BIS: Crypto Has No Place In Future Monetary System, It’s All About CBDC

June 23, 2022
A new report from the Bank for International Settlements (BIS) has said that central bank digital currencies (CBDCs), not crypto, will be the foundation of the future monetary system.

A new report from the Bank for International Settlements (BIS) has said that central bank digital currencies (CBDCs), not crypto, will be the foundation of the future monetary system.

In its 2022 Annual Economic Report, the BIS considered what monetary and payments technologies are likely to be adopted by central banks and other institutions in the years ahead.

While recognising crypto’s contribution to financial innovation, the BIS nonetheless found that all of the new advances pioneered by crypto would be better harnessed using CBDC.

“Programmability, composability and tokenisation are not the preserve of crypto, but can instead be built on top of CBDCs, fast payment systems and associated data architectures,” the report notes.

Or as Hyun Song Shin, head of research at the BIS, put it: “Anything that crypto can do, CBDCs can do better.”

The BIS devotes considerable space in the early part of its report focusing on why crypto cannot deliver the decentralised, permissionless monetary system that it promises.

In the eyes of the BIS, recent events such as the collapse of TerraUSD, an algorithmic stablecoin, have revealed the gulf between crypto vision and crypto reality.

“The implosion of the TerraUSD stablecoin and the collapse of its twin coin Luna have underscored the weakness of a system that is sustained by selling coins for speculation,” said BIS.

“In addition, it is now becoming clear that crypto and DeFi have deeper structural limitations that prevent them from achieving the levels of efficiency, stability or integrity required for an adequate monetary system.”

As the BIS noted in a previous report, crypto is prone to fragmentation into an ever-increasing number of competing blockchains, thus undermining the network effect of each.

Moreover, the BIS argues that crypto applications cannot scale without compromising security, as shown by high fees, congestion and long transaction times.

Finally, the crypto markets are also home to many centralised and unregulated intermediaries, which add to the lack of transparency and user protections throughout the space.

“These structural shortcomings are unlikely to be amenable to technical fixes alone,” said the BIS.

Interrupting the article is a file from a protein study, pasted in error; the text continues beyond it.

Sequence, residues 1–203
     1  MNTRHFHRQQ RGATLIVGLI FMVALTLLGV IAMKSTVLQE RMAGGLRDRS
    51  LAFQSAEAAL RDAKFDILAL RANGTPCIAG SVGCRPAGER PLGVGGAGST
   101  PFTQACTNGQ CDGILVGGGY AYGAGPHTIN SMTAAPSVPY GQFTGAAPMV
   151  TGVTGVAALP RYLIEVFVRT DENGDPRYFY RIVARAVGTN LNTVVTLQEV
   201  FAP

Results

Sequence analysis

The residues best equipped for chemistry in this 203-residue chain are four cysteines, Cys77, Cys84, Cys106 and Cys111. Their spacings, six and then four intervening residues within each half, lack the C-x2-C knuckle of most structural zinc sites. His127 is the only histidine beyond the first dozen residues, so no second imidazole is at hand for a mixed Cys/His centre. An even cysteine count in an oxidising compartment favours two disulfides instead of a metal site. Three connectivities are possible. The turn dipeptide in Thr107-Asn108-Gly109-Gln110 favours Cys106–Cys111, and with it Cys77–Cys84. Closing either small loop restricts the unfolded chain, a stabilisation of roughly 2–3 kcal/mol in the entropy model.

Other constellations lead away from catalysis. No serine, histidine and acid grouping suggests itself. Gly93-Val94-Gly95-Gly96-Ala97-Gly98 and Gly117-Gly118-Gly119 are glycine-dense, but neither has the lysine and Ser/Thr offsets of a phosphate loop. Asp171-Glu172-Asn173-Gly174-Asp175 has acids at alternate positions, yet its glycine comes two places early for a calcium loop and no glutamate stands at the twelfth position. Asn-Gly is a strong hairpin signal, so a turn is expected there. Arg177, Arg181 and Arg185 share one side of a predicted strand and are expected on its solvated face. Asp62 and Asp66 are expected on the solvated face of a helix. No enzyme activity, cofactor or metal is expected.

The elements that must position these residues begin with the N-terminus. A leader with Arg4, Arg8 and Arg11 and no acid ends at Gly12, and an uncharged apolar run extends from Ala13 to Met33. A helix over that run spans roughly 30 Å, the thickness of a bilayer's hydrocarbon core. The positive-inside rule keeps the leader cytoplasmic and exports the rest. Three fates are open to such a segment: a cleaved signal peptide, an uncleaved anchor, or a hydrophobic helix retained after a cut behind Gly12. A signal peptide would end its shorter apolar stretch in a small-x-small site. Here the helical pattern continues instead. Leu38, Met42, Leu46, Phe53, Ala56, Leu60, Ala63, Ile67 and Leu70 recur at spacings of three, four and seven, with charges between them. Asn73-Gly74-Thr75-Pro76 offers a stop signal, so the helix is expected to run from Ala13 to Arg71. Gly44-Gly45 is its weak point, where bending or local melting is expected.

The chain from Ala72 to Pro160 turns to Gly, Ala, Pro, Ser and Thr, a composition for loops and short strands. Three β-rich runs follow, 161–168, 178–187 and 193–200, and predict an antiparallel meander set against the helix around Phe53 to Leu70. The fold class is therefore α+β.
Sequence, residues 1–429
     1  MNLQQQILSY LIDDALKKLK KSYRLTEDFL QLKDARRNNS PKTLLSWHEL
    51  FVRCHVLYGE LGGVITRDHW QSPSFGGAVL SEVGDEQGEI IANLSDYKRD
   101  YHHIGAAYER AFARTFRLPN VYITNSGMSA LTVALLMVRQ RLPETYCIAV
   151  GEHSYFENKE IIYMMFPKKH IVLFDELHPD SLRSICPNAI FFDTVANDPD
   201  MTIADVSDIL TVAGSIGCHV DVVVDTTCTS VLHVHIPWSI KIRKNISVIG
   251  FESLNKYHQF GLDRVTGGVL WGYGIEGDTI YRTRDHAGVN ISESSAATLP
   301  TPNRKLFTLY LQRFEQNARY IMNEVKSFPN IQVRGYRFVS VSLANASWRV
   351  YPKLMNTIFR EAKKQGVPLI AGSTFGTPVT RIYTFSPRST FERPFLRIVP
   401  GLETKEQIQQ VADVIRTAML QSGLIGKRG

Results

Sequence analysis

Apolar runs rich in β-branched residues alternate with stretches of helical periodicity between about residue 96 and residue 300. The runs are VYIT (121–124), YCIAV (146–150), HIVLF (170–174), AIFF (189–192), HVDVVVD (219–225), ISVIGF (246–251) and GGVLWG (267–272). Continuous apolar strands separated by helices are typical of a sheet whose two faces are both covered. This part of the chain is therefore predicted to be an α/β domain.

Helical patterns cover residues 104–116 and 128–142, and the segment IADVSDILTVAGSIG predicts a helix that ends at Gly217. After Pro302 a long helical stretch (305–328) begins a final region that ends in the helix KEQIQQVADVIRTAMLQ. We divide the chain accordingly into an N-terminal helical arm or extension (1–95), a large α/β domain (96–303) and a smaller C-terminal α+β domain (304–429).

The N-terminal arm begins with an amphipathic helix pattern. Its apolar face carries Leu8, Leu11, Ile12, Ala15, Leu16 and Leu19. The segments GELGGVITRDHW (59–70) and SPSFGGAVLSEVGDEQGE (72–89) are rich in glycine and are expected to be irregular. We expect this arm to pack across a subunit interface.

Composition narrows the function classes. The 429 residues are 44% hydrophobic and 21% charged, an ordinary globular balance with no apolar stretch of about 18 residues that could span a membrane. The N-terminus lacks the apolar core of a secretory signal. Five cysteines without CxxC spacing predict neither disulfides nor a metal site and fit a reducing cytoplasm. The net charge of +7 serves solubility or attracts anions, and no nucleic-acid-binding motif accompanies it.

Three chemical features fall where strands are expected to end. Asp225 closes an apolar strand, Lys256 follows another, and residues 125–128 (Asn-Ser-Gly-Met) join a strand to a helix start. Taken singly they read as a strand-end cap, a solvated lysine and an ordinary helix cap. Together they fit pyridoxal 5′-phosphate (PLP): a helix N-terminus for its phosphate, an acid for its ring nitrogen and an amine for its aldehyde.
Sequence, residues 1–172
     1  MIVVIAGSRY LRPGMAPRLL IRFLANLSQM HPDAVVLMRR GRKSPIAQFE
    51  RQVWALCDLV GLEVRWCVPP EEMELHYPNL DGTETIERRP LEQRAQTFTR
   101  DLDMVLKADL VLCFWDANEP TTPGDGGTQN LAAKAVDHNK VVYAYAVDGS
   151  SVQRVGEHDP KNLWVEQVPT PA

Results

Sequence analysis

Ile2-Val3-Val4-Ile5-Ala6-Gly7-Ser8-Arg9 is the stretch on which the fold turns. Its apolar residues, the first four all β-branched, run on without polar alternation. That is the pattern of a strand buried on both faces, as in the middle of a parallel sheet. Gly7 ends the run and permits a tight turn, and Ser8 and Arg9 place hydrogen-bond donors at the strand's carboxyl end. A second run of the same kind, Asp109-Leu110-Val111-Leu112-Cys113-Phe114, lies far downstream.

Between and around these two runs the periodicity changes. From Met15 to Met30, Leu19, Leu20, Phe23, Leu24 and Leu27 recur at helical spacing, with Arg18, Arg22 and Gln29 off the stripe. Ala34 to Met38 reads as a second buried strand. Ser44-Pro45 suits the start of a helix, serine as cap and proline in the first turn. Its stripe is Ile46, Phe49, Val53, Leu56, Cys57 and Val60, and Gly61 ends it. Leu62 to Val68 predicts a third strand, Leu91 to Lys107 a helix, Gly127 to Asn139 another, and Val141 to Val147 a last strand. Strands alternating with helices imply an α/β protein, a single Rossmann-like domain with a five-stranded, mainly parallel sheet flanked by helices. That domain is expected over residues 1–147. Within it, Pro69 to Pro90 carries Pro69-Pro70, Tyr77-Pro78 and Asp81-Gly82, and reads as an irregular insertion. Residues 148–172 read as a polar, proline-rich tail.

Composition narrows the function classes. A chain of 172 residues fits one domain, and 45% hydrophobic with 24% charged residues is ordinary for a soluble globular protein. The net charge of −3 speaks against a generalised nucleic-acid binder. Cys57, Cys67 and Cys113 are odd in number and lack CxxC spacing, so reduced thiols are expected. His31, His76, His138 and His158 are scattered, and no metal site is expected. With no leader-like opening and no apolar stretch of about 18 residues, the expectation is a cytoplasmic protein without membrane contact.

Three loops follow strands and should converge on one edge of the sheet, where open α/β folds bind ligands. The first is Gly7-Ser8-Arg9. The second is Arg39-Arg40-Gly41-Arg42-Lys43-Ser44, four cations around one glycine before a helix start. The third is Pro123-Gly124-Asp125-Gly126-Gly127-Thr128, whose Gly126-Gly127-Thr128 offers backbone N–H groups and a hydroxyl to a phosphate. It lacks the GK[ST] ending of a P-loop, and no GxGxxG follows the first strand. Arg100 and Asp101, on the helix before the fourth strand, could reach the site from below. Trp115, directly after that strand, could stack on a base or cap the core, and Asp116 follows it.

“This is because they reflect the inherent limitations of a decentralised system built on permissionless blockchains.”

Sound money

The BIS argues that a system grounded in central bank money offers a sounder basis for innovation, and can ensure that services are stable and interoperable, both domestically and across borders.

Wholesale CBDCs using permissioned distributed ledger technology (DLT), for example, are expected to become a driver of innovation in settlement infrastructure.

In future, the BIS said that wholesale CBDCs will offer programmability and atomic settlement, so that transactions are executed automatically when predetermined conditions are met.

They will also allow a number of different functions to be combined and executed together, thus facilitating the composability of transactions.

Similarly, the tokenisation of bank deposits could allow decentralised settlement using CBDC.

As the BIS points out, this could facilitate new forms of exchange, including fractional ownership of securities and real assets, as well as payments.

Another “core feature” of the future monetary system, according to the BIS, will be retail CBDCs and retail fast payment systems (FPS).

Both retail CBDCs and FPS allow for instant payments between end users, through a range of interfaces and competing private payment service providers (PSPs).

Retail CBDCs and FPS share a number of other features, and can thus be seen as lying on a continuum.

Both are supported by a data architecture with digital identification and APIs that enable secure data exchange, therefore supporting greater user control over financial data.

By providing an open platform, they promote efficiency and greater competition between private sector PSPs, facilitating lower costs in payment services.

Another major benefit, according to the BIS, is that both can support financial inclusion for users that currently do not have access to digital payments.

Given the similarities of both retail CBDCs and FPS, a question not addressed by the BIS report is why you would need both.

VIXIO analysis shows that instant payment systems are live in more than 70 markets around the world, and that these markets account for more than 90 percent of global GDP.

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